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Get on a fixed gear ASAP

You really just have to get on top of one =))

It's such a funny feeling. You'll either hate it or love it.
Don't worry about fitness or hills for that matter. Check out Mash SF 2007 or Macaframa 2008 for inspiration.
I say get a fixie as soon as you find one, either a conversion or a track bike and ride slowly, primarily on flat roads with traffic you are quite familiar with (typical suburbia).

You won't need brakes if you're sensible (don't go bombing any hills yet, leave that for later) and keep to the suggestions above. I started with none and enjoyed it better because that was part of the challenge.

Overall, it's a type of bike I think everyone should own. Great fun to get into tricks as well!
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Old 04-27-22, 04:55 PM
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Originally Posted by gravelroad View Post
I'm a complete newbie and recently I learned about the existence of fixied gear bicycles. Even tough they are not for me yet since I'm not that fit and I live in a quite hilly area these bikes fascinate me alot. The fact that these bikes don't have a freewheel mechanism and you have an eccentric contraction of your leg muscles is very interesting to me. Has anybody an idea how the physics of these bikes work? When you try to pedal backwards to slow down, is the kinetic energy of your weight divided into smaller portions by the gearwheel and therefore you become slower? Do I understand that correct =D Sounds a bit nerdy but I have to experience and understand that. Must be very unique to ride such a bicycle. Would be fantastic if somebody can explain that to me
Apply the appropriate amount of pressure on pedals move forward.
​​​or backwords.
not rocket since.
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Old 04-29-22, 02:53 PM
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ofajen
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To avoid getting too excited, Iím recycling a post I made about a year ago that explains how FG and SS are different when the rider is not pedaling hard enough to push the bike forward.

For FG and SS, both internal and external work are identical when you are maintaining the same speed in the same gear.

External work is what we normally think of, the work done to push the pedals against all the forces that resist the forward motion of the bike. The internal work is what is needed just to move a riderís legs and feet and the cranks and pedals as a function of pedaling rate.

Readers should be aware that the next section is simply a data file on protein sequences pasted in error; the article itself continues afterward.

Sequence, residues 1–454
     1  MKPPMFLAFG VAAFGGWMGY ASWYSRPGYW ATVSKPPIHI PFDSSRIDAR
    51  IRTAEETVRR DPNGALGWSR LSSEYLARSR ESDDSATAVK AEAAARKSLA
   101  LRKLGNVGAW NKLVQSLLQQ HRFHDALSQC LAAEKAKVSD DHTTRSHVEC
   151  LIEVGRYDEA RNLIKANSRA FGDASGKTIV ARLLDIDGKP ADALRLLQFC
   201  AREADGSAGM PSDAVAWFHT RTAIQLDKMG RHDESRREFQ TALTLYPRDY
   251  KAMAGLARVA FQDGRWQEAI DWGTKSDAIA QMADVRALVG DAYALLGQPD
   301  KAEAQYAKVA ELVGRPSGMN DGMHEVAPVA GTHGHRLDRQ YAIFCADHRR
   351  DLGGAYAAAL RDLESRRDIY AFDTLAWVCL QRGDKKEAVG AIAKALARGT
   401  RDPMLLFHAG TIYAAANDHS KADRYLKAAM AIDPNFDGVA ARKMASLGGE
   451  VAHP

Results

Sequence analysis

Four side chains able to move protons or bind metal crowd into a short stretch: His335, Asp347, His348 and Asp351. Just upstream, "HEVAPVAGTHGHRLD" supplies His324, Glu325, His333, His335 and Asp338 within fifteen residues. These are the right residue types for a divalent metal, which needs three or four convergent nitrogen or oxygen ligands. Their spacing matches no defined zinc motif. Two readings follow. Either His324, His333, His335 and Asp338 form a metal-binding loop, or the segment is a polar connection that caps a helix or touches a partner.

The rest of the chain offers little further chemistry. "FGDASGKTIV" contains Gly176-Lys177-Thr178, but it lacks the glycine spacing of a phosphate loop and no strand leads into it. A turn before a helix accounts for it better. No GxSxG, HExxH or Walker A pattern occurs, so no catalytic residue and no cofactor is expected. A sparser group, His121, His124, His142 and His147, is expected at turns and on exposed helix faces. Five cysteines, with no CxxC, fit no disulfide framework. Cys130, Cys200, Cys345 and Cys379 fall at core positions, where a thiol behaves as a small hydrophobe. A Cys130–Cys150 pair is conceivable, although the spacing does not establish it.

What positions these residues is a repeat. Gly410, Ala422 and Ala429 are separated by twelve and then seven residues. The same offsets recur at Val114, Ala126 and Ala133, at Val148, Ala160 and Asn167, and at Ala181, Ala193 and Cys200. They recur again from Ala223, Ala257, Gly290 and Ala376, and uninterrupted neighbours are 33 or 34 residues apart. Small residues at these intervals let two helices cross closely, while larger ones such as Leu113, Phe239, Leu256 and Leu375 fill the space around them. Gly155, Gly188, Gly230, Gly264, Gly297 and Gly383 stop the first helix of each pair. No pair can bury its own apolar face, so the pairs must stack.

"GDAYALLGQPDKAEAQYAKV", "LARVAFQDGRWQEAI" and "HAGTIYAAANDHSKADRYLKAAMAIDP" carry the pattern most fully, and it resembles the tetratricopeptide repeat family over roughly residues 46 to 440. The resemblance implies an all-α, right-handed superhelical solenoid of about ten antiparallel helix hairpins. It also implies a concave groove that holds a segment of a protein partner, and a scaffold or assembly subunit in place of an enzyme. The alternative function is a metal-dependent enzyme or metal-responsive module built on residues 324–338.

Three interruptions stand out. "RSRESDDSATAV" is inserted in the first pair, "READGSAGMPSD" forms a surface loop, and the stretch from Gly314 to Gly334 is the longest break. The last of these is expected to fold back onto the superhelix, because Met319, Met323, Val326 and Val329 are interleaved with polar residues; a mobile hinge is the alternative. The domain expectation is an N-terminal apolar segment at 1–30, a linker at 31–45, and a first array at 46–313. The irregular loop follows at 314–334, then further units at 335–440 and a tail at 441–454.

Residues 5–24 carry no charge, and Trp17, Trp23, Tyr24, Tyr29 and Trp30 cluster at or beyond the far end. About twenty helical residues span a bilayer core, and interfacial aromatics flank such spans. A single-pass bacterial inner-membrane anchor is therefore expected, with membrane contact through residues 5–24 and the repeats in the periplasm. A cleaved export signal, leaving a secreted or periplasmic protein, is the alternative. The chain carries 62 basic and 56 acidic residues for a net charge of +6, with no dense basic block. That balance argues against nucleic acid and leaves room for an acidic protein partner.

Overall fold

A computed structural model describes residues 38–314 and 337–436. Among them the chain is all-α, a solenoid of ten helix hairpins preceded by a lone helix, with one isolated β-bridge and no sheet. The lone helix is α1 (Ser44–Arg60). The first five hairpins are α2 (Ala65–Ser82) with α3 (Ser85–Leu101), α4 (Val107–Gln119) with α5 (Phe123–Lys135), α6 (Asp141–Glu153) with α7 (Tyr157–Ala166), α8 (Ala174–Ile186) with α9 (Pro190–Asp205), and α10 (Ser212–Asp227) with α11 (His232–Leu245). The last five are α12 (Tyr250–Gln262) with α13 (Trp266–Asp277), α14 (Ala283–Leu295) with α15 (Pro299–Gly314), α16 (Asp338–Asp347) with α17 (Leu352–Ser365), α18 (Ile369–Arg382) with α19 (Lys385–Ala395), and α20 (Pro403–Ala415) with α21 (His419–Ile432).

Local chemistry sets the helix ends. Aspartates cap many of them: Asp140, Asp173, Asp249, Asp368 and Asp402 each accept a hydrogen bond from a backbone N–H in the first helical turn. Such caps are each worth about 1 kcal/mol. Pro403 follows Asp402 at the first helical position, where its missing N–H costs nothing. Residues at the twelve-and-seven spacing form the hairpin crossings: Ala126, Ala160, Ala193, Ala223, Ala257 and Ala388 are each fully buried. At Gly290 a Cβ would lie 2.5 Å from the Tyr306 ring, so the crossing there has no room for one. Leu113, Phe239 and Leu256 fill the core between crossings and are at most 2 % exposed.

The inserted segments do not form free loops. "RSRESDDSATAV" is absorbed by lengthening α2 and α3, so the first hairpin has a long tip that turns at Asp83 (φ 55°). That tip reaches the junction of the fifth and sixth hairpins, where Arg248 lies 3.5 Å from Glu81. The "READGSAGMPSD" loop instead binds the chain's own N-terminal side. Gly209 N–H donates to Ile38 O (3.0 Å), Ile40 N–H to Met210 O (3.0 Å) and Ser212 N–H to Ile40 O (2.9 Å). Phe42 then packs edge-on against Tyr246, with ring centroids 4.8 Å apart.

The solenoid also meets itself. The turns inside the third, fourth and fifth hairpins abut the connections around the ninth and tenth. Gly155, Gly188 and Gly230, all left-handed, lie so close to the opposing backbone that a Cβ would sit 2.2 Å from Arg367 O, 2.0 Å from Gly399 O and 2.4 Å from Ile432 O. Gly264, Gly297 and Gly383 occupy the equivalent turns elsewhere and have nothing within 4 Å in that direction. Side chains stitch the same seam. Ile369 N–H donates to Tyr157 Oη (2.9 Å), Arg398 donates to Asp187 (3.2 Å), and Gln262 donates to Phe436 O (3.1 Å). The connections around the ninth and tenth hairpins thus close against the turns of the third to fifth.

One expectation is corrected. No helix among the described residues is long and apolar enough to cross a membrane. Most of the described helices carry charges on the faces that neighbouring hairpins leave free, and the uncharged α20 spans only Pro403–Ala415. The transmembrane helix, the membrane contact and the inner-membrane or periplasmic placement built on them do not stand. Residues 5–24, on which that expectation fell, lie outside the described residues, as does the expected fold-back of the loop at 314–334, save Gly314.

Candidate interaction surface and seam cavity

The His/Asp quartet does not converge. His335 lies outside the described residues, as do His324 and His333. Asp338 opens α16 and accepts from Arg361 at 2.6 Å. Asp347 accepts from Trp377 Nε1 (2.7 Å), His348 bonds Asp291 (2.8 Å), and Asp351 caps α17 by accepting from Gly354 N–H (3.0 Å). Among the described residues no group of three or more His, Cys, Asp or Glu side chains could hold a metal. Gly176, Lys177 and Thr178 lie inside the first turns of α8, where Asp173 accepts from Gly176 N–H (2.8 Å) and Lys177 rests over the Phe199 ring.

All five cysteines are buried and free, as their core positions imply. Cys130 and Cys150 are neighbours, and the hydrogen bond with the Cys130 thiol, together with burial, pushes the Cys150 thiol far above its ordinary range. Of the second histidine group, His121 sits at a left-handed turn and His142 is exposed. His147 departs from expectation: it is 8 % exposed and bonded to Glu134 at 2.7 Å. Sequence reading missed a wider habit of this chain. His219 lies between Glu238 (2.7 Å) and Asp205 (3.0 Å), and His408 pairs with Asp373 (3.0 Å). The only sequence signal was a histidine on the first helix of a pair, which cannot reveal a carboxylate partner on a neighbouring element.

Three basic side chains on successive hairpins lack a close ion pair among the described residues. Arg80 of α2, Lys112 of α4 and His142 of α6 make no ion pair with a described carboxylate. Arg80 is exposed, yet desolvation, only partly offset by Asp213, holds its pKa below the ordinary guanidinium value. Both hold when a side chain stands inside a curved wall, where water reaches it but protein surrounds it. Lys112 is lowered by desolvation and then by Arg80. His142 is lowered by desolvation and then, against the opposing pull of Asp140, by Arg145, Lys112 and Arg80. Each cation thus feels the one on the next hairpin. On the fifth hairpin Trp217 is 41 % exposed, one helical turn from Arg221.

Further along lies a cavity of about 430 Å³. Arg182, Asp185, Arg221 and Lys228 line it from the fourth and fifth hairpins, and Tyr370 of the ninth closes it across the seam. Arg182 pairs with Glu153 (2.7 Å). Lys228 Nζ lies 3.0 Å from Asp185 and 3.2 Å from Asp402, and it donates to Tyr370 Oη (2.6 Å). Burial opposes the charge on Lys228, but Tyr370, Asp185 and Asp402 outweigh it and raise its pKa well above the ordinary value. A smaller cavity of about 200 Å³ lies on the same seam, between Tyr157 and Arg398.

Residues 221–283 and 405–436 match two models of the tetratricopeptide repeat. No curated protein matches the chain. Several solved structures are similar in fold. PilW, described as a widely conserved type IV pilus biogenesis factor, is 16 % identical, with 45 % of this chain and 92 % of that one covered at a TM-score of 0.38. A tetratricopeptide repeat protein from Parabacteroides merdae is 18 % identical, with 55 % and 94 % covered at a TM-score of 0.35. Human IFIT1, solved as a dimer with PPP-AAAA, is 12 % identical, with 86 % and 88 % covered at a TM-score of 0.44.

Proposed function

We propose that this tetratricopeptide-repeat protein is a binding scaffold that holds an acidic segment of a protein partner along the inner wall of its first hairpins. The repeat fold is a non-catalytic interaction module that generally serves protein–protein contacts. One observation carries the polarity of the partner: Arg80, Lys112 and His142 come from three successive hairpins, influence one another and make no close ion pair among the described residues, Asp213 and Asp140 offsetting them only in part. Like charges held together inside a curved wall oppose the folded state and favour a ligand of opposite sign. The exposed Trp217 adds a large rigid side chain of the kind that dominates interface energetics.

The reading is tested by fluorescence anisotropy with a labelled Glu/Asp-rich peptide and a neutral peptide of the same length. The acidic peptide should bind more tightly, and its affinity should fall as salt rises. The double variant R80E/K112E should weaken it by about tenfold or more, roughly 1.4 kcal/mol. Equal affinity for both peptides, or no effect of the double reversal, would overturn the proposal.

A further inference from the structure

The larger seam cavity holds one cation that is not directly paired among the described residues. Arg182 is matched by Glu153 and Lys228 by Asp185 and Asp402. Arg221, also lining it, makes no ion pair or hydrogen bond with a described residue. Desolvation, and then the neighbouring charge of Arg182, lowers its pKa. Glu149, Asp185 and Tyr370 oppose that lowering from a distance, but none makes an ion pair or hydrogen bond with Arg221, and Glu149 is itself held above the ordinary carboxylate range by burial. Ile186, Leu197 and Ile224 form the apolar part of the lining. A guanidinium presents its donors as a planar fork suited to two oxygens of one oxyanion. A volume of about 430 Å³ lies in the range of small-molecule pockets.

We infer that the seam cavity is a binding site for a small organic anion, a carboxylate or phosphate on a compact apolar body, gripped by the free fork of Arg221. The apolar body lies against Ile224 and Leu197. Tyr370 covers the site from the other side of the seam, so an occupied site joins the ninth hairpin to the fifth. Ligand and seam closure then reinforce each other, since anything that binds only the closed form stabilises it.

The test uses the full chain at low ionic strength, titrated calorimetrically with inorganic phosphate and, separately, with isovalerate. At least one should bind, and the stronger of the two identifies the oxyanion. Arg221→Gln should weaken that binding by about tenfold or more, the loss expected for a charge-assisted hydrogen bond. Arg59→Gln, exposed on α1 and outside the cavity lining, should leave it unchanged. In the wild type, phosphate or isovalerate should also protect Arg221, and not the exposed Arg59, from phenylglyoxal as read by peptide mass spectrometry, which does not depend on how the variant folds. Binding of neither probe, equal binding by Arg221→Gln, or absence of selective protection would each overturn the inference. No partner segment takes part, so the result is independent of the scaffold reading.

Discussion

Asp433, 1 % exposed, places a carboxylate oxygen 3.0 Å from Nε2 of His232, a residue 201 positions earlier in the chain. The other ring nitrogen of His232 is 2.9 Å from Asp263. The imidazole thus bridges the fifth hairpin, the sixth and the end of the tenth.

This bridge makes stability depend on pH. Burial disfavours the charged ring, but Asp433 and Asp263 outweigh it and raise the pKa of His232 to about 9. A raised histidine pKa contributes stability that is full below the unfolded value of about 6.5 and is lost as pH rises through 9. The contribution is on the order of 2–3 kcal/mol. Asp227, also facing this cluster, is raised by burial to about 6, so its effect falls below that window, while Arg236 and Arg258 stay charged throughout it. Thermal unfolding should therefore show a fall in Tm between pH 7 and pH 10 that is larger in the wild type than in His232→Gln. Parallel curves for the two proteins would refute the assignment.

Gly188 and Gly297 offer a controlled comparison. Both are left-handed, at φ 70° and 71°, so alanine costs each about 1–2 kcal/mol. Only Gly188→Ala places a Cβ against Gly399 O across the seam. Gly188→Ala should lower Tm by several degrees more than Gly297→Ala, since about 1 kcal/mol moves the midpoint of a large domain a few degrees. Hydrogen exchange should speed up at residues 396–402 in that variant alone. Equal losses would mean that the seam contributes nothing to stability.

Here is the cite of the most useful paper on quantifying the amount of internal work
https://kclpure.kcl.ac.uk/portal/fil...12500.full.pdf

If you stop doing any external work of pushing the pedals and just spin at exactly the speed you are going, you are still doing the internal work and it will be the same for both.

Where it gets different is when you slack off below doing the internal work of moving the pedals at the current speed.

On a freewheel, you can take the work all the way to zero, your feet stop and you coast. In fact, any level of work less than the current internal work makes no difference to the motion of the bike and it is just a matter of how much you are coasting.

On a fixed gear, you can take the work to zero but the pedals continue to turn and the bike will use its kinetic energy to do the equivalent of the internal work and keep your feet moving at the same speed. Of course, this has a bit of a braking effect.

For example, it takes me 180 W of external work to sustain 18 mph on gravel, which requires 90 rpm on my 67.5 inch gear.

Using Formentiís data, I can estimate about 0.7 W/kg at 90 rpm times my weight of 80kg or about 56 W of internal work.

So if my wheel had a fixed gear and I stopped pedaling and let the bike turn my feet, Iíd be initially pulling 56 W from the bike. Of course, this quickly lessens as the bike slows because the internal work depends on cadence.

With a fixed gear, the level of effort always matters to the motion of the bike, whether itís just a little bit less than the internal work, all the way down to zero or if you start adding resistance to brake even faster.

This behavior is familiar to all FG riders Iím sure, and here we have a more quantitative idea of the energy involved.
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Old 04-30-22, 07:19 PM
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SorryÖ a bit sloppy in the previous post. Of course Iím talking about instantaneous power (energy per unit time expressed in Watts) and not work (in units of energy expressed in Joules).

Otto